With a political science degree in hand, Bruce Walton was drafted in the fifth round of the 1973 NFL Draft by the Dallas Cowboys. They were a talented squad across the board and were stacked on the offensive line. He never started a game as a rookie but was a more than capable body if so needed, serving as a backup at every position while also playing on special teams. But despite their talent, the Cowboys failed to reach the Super Bowl in his first two years, losing to the Vikings in the 1973 NFC Championship Game and missing the playoffs entirely in 1974.


Embarrassed by their performance the previous year, the Cowboys were determined to return to the Super Bowl in 1975. Though it took a prayer (a Hail Mary, to be specific) to make it happen, the Cowboys did indeed return to the Super Bowl where they lost to the Steelers and their powerful defensive line, the Steel Curtain. After losing that game and dealing with a knee injury acquired earlier in the year, Bruce retired from the game of football. Just in time to watch his brother take the NBA by storm.



Bill's transition to the pros was vastly different than his brother's. He was drafted first overall in 1974 by the Portland Trail Blazers and was immediately thrust into the starter's role. However, almost as soon as he became a pro that his body started to fail him. Eventually, it was discovered that his feet were dealing with undiagnosed stress fractures, but this was years later. When it was discovered, the damage had already been done.



Despite his health issues, he still managed to earn All-Star nods in 1977 and 1978. To top those accolades, he also led the Trail Blazers to NBA Finals glory in 1977 and earned league MVP honors the following year. Those glory years were glorious and even though they were just two years, they somehow felt like a lifetime. After 1978, his body really started to fail him and his relationship with Trail Blazers' management began to fall apart. By 1979, he was back in his hometown, playing for the lowly Clippers.


In those days, the Clippers were always a dysfunctional organization and Bill's constant absences didn't help matters. By his final year with the organization in 1985, his body started to act properly and he found a way to play in 67 games. Even though his passion for the game waned, Bill knew that he still had more to give the game that he loved and he yearned for one last chance at winning another championship.


The Boston Celtics called that offseason, offering him a lifeline out of the Clippers' dysfunction. They may not have known it at the time, but even though he wasn't the same dominant player he had once been, Bill Walton was exactly what the Celtics needed to hoist yet another banner up to their rafters.



While often overlooked, a good Sixth Man can make or break a championship contender. From his perch on the bench, not only did he provide 6.8 rebounds and 7.6 points per game, Bill Walton provided the voice that the locker room needed as they tore through their schedule and defended the Boston Garden almost to perfection, finishing their home record 40-1.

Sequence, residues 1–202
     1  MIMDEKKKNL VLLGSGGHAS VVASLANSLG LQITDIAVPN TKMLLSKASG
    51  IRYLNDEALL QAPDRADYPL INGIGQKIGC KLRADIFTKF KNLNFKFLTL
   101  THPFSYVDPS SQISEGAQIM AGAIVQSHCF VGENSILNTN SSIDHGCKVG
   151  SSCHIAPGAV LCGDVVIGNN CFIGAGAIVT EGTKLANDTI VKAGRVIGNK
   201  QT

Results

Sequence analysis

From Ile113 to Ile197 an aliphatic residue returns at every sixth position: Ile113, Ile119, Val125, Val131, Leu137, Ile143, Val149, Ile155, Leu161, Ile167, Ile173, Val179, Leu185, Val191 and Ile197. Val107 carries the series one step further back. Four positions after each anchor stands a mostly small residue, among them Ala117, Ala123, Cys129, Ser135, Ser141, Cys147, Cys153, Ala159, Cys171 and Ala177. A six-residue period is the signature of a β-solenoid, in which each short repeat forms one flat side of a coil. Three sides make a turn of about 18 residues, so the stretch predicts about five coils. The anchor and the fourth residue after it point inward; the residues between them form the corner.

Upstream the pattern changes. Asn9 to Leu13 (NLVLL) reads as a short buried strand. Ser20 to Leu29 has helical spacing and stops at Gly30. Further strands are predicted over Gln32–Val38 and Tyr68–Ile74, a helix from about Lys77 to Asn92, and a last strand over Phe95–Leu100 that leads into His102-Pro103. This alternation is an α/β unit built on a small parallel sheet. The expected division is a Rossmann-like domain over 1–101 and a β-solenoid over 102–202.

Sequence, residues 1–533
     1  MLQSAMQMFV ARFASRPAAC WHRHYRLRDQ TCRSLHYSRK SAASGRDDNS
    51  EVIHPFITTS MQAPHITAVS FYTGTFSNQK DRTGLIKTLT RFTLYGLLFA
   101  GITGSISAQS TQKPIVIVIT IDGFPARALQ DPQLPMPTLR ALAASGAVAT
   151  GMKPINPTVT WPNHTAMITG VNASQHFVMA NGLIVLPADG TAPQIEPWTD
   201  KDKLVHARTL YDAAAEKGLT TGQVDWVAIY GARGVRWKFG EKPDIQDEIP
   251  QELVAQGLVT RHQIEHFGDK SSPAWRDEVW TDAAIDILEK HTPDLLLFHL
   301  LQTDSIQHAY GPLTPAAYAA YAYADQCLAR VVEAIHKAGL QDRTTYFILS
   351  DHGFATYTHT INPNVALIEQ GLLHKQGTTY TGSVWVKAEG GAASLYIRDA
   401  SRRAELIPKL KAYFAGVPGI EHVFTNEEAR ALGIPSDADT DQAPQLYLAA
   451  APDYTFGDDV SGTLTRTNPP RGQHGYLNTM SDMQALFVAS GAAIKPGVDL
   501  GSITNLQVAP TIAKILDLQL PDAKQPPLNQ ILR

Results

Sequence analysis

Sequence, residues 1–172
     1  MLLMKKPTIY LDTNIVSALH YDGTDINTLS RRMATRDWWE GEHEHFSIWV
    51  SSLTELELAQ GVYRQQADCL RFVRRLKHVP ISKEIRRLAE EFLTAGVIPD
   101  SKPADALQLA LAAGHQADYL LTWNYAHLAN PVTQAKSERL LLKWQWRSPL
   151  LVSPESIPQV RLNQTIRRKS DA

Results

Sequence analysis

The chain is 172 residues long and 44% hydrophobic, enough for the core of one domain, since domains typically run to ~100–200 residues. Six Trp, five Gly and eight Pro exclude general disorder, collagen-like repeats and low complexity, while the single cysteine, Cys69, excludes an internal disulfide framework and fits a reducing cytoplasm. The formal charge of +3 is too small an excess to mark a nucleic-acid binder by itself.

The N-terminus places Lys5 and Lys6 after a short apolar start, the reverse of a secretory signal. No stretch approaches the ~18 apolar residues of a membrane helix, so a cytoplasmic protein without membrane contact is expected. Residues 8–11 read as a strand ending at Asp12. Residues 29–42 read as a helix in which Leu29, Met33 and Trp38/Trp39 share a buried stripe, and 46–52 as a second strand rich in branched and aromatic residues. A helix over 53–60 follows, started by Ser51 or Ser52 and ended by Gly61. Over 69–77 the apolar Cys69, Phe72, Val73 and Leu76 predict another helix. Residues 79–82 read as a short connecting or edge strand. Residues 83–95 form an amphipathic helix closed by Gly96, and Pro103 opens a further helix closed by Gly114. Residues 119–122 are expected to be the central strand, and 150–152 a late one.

Incredibly, they kept that historic home record intact throughout the playoffs, only losing thrice on opposing courts. the Rockets gave the Celtics all that they could handle in the NBA Finals, but in the end, the Celtics proved to be too great for any opponent that year, winning in six games. It was a redemptive season for all involved in the Celtics organization and Bill Walton was no exception, earning NBA Sixth Man of the Year honors. It would be the last breath of greatness in his choppy but illustrious career.


The Celtics lost to the Lakers in the Finals the following year and Walton's long-suffering foot became too much to handle the summer after. It got to the point where he had to crawl from place to place. Even though he didn't play at all in 1987-1988, he didn't officially retire until after the season. But despite the sorry turn of his playing career, his next career would prove to be almost as rewarding.


The Broadcasters



Bruce's transition into retirement was seamless s he quickly became successful in radio broadcasting. He even pioneered the "lights out" smooth jazz format which instantly became a hit. Unknown to many at the time, Bruce would entertain many with his selection of instrumental melodies. Bill's transition into retirement wasn't as smooth. He'd struggled with a horrible speech impediment for much of his life and television work seemed like the complete opposite of what he should have striven for. However, late in his playing career, he was approached by famed broadcaster Marty Glickman who regaled him with his own journey. He too had had a speech impediment, but after a lot of hard work and some instruction, he learned to conquer it on a daily basis.


Under Glickman's guidance, Bill was able to overcome his stuttering and soon became a successful broadcaster. And so the Walton brothers dominated the airwaves, fascinating listeners and viewers with their knowledge of culture, music and sports. Their lives had come full circle since their days growing up in La Mesa where their parents taught them to live full lives and to always search for knowledge and truth about the world they lived in. When Bruce died on October 18, 2019, it was as if the patriarch of the Walton clan had perished. For though he wasn't the most famous sibling, he held the family values to a standard that all could look up to. conquer